It was a serene Sunday in Banda Aceh, Indonesia when a substantial earthquake measuring around 8-9 on the Richter scale devastated the Indian Ocean region. The quake started at approximately 8:25 a.m. and lasted a prolonged seven minutes. The sea level drastically subsided and residents of the Banda Aceh began collecting fish that were exposed on the beach due to the change in sea level. At this time, in Banda Aceh, it was now 9 a.m., and Banda Aceh was not as peaceful. Overwhelming waves began to demolish homes and businesses on the shore as well as violently carry away pedestrians. Dead bodies, collapsed buildings, and a layer of mud nearly a foot thick accumulated on the shoreline after the tsunami struck. (After the Tsunamis). After twenty minutes of chaos, the lives of the residents as well as the tourists encompassing the Indian Ocean Region including Banda Aceh would be changed forever. The Boxing Day tsunami had numerous detrimental effects such on people, property, and the environment which ultimately raised tsunami awareness around the Indian Ocean region.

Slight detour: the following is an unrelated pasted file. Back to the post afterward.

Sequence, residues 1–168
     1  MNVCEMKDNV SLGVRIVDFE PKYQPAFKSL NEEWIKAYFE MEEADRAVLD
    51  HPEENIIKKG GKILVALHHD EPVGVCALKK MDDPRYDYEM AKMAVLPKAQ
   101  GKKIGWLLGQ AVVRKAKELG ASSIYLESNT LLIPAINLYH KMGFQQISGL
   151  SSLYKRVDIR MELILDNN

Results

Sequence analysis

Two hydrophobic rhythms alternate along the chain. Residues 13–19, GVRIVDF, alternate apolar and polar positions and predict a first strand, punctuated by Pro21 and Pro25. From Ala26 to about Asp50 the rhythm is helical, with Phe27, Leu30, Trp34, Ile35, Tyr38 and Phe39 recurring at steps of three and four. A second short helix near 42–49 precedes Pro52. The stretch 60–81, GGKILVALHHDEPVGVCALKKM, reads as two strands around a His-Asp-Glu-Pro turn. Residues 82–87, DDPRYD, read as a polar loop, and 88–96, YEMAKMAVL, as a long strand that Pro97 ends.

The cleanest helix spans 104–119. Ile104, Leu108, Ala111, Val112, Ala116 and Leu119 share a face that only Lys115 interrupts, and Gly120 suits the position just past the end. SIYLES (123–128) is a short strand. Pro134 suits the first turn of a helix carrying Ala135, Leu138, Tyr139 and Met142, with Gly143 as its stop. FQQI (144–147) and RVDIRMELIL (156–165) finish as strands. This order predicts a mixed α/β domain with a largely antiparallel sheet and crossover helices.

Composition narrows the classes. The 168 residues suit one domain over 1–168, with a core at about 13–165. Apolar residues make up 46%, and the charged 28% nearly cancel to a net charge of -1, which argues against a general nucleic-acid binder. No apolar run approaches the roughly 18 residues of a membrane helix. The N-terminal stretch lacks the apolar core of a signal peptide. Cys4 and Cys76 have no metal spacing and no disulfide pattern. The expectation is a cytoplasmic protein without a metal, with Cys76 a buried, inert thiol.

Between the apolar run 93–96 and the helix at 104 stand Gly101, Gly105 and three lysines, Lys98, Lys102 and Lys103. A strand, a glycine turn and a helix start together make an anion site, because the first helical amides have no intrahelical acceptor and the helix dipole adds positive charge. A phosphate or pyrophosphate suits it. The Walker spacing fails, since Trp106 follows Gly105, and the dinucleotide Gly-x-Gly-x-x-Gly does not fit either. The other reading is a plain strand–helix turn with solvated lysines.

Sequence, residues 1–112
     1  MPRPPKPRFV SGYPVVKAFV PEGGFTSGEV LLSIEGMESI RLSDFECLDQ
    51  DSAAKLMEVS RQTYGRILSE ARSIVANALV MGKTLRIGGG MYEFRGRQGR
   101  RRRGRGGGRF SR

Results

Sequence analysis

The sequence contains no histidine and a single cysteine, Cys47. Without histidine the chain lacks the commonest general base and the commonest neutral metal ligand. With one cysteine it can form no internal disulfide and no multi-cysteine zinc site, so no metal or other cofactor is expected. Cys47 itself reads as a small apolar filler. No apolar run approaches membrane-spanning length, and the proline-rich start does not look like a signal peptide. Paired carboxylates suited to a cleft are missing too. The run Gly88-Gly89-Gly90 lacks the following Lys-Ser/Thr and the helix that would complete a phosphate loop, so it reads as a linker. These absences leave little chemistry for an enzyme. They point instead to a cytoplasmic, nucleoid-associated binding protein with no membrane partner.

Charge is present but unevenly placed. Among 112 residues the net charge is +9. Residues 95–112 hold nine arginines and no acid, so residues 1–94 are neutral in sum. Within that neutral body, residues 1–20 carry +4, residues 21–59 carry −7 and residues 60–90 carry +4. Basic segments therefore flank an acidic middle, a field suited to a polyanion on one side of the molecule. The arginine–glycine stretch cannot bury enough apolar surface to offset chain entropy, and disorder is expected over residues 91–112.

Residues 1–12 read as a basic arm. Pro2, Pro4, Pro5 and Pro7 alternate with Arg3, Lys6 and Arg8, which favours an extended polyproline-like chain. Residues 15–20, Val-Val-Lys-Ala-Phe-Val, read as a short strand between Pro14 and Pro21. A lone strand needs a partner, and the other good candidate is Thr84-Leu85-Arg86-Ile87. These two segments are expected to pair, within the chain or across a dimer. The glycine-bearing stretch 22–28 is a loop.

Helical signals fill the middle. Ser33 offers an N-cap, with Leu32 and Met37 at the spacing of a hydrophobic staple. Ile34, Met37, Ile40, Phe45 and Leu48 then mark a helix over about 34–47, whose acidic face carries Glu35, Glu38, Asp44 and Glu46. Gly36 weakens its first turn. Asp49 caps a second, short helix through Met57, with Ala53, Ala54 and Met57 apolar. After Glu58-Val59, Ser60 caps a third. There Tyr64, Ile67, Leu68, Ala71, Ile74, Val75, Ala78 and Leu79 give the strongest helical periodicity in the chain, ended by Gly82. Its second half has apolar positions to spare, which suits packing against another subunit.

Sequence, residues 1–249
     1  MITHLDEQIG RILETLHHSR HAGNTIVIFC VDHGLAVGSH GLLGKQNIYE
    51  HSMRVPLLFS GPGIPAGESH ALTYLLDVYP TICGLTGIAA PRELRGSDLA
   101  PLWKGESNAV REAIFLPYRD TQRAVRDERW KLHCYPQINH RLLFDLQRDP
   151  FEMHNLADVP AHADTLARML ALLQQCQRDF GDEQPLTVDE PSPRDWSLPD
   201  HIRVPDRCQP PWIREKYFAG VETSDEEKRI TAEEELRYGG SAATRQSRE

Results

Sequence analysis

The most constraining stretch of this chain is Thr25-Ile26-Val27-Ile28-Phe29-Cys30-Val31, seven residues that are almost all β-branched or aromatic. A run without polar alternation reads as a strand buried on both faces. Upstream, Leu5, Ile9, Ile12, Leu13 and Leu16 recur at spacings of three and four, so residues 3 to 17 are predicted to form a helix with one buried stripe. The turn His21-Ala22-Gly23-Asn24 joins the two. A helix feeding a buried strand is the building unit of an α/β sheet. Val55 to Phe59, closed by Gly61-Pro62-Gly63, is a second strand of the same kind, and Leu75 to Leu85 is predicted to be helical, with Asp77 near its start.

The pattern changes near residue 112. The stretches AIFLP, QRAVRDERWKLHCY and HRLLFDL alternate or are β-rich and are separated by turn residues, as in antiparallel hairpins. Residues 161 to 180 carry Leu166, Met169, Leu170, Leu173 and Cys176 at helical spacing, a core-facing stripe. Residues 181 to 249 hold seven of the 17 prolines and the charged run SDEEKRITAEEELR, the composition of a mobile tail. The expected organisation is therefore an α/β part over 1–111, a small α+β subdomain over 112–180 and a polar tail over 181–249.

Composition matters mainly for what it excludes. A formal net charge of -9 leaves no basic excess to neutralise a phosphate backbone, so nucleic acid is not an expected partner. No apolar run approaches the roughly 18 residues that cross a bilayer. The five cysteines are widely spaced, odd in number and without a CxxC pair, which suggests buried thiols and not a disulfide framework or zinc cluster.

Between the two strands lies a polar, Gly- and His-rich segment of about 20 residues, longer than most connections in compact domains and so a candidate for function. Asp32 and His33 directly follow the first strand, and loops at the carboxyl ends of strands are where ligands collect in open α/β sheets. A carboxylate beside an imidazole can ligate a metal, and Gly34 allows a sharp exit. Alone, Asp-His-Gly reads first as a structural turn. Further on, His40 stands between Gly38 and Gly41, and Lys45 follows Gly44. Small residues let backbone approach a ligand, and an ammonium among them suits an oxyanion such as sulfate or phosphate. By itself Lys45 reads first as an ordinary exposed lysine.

There were many harmful effects to the people of Indonesia, India, Sri Lanka as well as numerous countries in Southeast Asia. The effects on tourists and residents included physical and metal injuries, such as psychological problems, respiratory infections, bone fractures, and skin diseases. The Boxing Day tsunami is estimated to have killed over 230,000 by causing victims to drown and also causing various other fatal injuries. (Indonesia Commemorates). These deaths have a physical and mental effect on the people of Indonesia, in particular the children who have lost their family in this natural disaster. In “Psychosocial aid to children after the Dec. 26 tsunami”, Kathleen Kostelny and Michael Wessells focus on the necessities of children after the 2004 tsunami. They convey the causes, effects and solution to the psychological dismay of the children after such a horrific event. Kostenly...
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